If you see “SQL Server Database Services” grayed out, do not proceed with the installation. There’s some good reasons why it is grayed out. I am running Windows Vista Business Edition and am trying to install Microsoft SQL Server 2005 Enterprise Edition.
Can’t install Enterprise Edition in non-server version of Windows
The first problem is due to the fact that you cannot install Enterprise Edition into a non-server Windows operating system as stated here. That means to say that Enterprise Edition can only be installed in Windows 2000, Windows 2003 and Windows 2008. If you are using any other operating system, it is likely you are looking for Microsoft SQL Server 2005 Developer Edition or Standard Edition.
Required components of IIS 7 not fully installed
The second problem that I face is SQL Server 2005 complaining that I do not have IIS installed when I already done that. This is because you require the following components installed (their folders and in brackets):
Static Content (Common HTTP Features)
Default Document (Common HTTP Features)
HTTP Redirection (Common HTTP Features)
Directory Browsing (Common HTTP Features)
ASP.Net (Application Development)
ISAPI Extension (Application Development)
ISAPI Filters (Application Development)
Windows Authentication (Security)
IIS Metabase (Management Tools)
IIS 6 WMI (Management Tools)
I highlighted the requirements in red for your convenience:
Further information of required components can be found here.
Now after you install Microsoft SQL Server 2005 Whatever Edition, make sure you run Windows Update or download any Service Pack that they offer. This would ensure compatibility to your operating system. I hope that helps. This problem annoyed me whole day.
The easiest way to start developing in PHP is to get XAMPP, the whole package can even be placed in a flash drive. Using the free AOL Mail account also allows you to sign in to the SMTP server without TLS which allows XAMPP sendmail to work.
To get your PHP scripts to send an email out. This guide assumes you have XAMPP or XAMPP Lite. My environment is Windows Vista. (I use XAMPP Lite by the way.)
I never regret getting an additional 2 Gb for my memory, the improvement is significant and it delights me when applications launches quicker. I noticed the improved performance in applications such as Firefox and Photoshop. There’s a slight improvement in iTunes too I think, yes, that piece of crap.
The difference is less obvious in Windows 7 which already is pretty quick.
XAMPP is one of the easiest options to develop using PHP or PHP CLI. I use CakePHP for development and one of the features of CakePHP is to back the MVC. In this guide, we’ll see how to get started. This tutorial doesn’t teach you how to use CakePHP’s bake feature. This guide is specifically written for Windows Vista or Windows 7.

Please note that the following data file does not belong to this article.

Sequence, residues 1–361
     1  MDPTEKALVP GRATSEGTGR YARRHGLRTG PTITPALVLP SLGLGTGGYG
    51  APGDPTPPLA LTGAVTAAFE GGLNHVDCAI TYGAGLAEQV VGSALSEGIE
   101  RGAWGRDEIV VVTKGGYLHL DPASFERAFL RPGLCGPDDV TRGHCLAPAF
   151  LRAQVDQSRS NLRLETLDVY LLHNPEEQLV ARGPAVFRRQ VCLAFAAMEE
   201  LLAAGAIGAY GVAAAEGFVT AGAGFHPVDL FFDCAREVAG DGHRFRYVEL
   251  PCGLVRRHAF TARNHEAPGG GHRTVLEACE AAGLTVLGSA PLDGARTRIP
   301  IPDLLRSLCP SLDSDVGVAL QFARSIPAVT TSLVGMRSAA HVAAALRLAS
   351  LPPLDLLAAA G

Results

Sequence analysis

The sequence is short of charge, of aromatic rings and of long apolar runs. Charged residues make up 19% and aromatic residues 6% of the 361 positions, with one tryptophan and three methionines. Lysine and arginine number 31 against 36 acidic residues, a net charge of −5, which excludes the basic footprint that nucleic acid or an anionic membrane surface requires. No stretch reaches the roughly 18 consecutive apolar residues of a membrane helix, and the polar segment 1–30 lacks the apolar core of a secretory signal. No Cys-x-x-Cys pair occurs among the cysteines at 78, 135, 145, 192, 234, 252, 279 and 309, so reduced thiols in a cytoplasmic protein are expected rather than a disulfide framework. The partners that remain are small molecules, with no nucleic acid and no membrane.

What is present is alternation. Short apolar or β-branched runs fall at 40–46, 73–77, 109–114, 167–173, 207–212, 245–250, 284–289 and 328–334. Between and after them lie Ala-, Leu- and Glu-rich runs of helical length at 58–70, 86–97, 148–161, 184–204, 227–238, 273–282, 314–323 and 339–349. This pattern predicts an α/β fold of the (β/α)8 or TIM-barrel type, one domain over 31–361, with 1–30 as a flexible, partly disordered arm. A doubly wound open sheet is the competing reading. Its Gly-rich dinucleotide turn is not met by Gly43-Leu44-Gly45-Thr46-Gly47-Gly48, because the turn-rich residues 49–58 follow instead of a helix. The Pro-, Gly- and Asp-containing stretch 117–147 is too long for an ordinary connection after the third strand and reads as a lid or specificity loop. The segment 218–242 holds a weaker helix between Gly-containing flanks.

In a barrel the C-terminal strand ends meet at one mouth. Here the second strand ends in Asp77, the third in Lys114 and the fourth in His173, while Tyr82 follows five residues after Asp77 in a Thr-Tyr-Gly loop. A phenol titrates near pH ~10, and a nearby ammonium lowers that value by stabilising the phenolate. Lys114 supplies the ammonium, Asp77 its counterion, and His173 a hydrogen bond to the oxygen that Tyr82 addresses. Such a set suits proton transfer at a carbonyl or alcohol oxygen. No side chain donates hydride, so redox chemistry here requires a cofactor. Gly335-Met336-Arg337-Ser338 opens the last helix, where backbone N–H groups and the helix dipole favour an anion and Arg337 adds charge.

To run XAMPP’s PHP CLI, you first have to set up the environment variables for PHP CLI. Also introduce how to get started on CakePHP’s console.
I was going to totally ignore Windows 7 till it is released but I couldn’t resist anything that is marketed to be with the words “faster”, “stable” and yeah basically “faster”. I mean who could resist “faster”. Henceforth, I grant my fingers the liberty to click around and downloaded Windows 7 64-bit. And burnt. And installed. And played. Windows 7 is the yet to be released operating system from Microsoft.
I thought this is be a good time I try if the software I use would work in 64 bit. It did. Well accept a lame anti-virus software but that’s okay. Some software didn’t work on Windows 7 because it requires Windows Vista unfortunately.
I basically want to see these programs running:
Java (64 bit)
XAMPP (I couldn’t get 1.7.0 to work out of my download, perhaps my download is corrupted. But I downloaded xampplite 1.6.8 and it’s runs fine in Windows 7)
Microsoft Office 2007 (My guess is that it will run since it’s from Microsoft)
Photoshop CS4. (Yes, but I downloaded the 32-bit one. The 64-bit one probably would work too)
The great news is that all of the programs I tried to install actually worked just like that. Live Mesh did not work right and went to disable Windows Aero but a later update has that issue fixed.
But after I played with it, I’m back to using Vista. Most of my school and work stuff is all back in Windows Vista. I probably would migrate to Windows 7 when the operating system has been released. So far, I am very pleased with the new software. It also boost my confidence in 64-bit software. If not for my Windows Vista having so much of my user settings customized, I would have switched to Windows 7. I felt it was indeed, as advertised, faster. There are lots of subtle improvements to the interface too. I probably blog about it some time later next week.